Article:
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Course Syllabus

Course: MATH 3480

Division: Natural Science and Math
Department: Mathematics
Title: Machine Learning

Semester Approved: Summer 2020
Five-Year Review Semester: Fall 2025
End Semester: Spring 2026

Catalog Description: This course introduces the theory and application of machine learning, sometimes referred to as artificial intelligence. Students who take this course will understand and be able to deploy basic supervised and unsupervised learning techniques including” decision trees, neural networks, kernel methods, support vector machines, and probabilistic methods. The course will be taught using Python, R, Matlab, or a similar programming language.

Semesters Offered: TBA
Credit/Time Requirement: Credit: 3; Lecture: 2; Lab: 0

Prerequisites: Math 3000 and (Math 2270 or Math 2250) with a C or better course grade. Some familiarity with a program language including a basic understanding of data structures and algorithms.

Justification: Data collection and the analysis of data is ubiquitous and fast becoming a prerequisite to economic success for businesses. This course is a necessity for advanced data science.


Student Learning Outcomes:
Students will understand the basic data structures in Python (or similar software) Students will be assessed through assignments, quizzes, exams and/or class discussion – instructor will provide feedback.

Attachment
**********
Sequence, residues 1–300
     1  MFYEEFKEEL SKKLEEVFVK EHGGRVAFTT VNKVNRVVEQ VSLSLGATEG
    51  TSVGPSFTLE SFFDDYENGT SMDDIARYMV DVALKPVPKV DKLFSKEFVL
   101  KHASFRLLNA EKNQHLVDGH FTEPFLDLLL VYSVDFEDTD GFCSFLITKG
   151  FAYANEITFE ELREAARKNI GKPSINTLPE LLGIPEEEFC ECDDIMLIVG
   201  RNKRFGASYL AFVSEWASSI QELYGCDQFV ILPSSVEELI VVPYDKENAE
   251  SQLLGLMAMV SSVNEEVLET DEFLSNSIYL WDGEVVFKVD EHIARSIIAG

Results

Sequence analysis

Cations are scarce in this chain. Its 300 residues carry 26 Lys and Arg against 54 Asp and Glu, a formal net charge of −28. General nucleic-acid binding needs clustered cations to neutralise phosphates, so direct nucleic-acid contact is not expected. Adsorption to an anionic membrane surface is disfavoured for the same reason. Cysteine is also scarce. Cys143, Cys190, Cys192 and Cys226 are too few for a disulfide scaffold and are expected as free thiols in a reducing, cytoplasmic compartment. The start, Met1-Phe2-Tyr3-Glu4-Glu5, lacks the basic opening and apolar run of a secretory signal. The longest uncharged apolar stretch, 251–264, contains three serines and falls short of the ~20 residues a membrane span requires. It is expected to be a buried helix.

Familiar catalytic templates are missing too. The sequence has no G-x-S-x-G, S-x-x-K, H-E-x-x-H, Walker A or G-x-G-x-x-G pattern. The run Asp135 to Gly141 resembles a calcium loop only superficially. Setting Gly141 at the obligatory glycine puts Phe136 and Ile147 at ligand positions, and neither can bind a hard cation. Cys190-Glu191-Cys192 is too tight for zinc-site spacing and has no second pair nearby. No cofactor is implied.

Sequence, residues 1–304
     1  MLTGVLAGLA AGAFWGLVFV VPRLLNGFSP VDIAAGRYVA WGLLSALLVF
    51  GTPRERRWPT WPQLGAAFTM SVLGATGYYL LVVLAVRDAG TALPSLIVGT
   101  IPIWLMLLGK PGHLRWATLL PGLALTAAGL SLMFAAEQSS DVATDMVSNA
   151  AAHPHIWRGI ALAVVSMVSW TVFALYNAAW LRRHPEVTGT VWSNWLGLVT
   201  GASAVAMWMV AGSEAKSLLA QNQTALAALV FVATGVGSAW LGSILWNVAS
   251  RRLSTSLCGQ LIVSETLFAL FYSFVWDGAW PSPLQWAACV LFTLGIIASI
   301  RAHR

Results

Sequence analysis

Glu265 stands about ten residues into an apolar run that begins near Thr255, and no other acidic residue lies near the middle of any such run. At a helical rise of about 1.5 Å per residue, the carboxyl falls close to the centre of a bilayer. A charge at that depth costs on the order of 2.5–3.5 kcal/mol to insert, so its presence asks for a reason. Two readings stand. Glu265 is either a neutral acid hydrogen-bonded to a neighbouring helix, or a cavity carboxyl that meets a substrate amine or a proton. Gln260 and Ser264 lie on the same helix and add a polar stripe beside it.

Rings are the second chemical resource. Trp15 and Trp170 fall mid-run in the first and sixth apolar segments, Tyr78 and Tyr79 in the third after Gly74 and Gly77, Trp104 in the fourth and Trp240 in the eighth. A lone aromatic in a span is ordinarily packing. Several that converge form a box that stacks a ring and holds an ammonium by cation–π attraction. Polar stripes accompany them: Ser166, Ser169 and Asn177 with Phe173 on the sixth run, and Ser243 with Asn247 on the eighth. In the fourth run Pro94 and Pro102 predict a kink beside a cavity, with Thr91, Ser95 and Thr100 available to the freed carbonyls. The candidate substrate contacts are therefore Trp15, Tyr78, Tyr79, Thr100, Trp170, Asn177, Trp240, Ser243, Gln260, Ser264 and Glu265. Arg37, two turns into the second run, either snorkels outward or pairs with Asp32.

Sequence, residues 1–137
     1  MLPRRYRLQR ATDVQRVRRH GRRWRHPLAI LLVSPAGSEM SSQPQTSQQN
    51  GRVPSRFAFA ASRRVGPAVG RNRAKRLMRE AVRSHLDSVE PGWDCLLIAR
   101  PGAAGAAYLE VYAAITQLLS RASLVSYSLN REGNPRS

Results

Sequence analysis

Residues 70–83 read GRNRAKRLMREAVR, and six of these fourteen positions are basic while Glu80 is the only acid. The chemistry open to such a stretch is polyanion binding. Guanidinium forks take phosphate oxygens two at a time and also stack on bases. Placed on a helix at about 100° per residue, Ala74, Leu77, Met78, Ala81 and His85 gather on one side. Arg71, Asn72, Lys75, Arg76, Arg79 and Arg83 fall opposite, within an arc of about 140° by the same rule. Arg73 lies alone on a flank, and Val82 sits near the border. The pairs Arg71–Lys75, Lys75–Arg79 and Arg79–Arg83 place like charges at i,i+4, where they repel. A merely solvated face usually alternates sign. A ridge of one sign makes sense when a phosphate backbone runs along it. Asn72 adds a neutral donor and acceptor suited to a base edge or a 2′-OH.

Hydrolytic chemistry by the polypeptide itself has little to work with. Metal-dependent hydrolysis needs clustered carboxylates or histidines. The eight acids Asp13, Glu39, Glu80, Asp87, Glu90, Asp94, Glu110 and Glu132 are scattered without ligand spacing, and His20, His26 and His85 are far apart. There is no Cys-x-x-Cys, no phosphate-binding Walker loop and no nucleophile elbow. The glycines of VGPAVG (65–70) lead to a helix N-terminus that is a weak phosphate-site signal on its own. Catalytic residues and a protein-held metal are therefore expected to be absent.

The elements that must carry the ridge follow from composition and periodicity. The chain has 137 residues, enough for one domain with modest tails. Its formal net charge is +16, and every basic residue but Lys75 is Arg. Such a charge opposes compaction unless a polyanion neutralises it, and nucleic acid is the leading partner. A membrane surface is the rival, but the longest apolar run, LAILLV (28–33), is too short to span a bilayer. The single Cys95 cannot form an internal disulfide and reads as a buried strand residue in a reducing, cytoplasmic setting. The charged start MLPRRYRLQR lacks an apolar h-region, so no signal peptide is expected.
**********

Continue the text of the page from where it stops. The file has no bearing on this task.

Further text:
Students will understand how to visualize, explain, and present data using Python (or similar software) Students will be assessed through assignments, quizzes, exams and/or class discussion, and projects – instructor will provide feedback.

Students will understand how to employ common machine learning libraries in a popular computing language (e.g., Python, R, etc).  Students will be assessed through assignments, class projects, quizzes, exams and/or class discussion – instructor will provide feedback.

Students will understand the mathematical theory behind common machine learning techniques. Students will be assessed through assignments, quizzes, exams and/or class discussion – instructor will provide feedback.


Content:
This course will include several fundamental supervised/unsupervised learning algorithms including decision trees, perceptrons, neural networks, kernel methods, support vector machines, and probabilistic methods like Bayesian networks.

Key Performance Indicators:
Student learning will be evaluated through:

Homework assignments  20 to 40%

Quizzes 0 to 20%

Periodic examinations 20 to 30%

Final Exam 15 to 20%

Oral/written/computer projects 10 to 30%

Class group activities (optional) 0 to 15%


Representative Text and/or Supplies:
VanderPlas, J. Python data science handbook: Essential tools for working with data. Sebastopol, CA: OReilly.

Kutz, J. N. Data-driven modeling et scientific computation: Methods for complex systems et big data. Oxford: Oxford Univ. Press.

Grus, J. Data science from scratch: first principles with Python. Sebastopol (CA): OReilly Media.

Computational software: Python, R, Matlab, etc.


Pedagogy Statement:
John Dewey’s stated that “education should not revolve around the acquisition of a pre-determined set of skills, but rather the realization of one’s full potential and the ability to use those skills for the greater good.” Applying this idea to the pedagogy of this course, the teacher will help students learn both theory and application in a modern curriculum. By the end of the course, students should know how to use technology to apply specific skills and to analyze the results of their work.

Instructional Mediums:
Lecture

Maximum Class Size: 25
Optimum Class Size: 20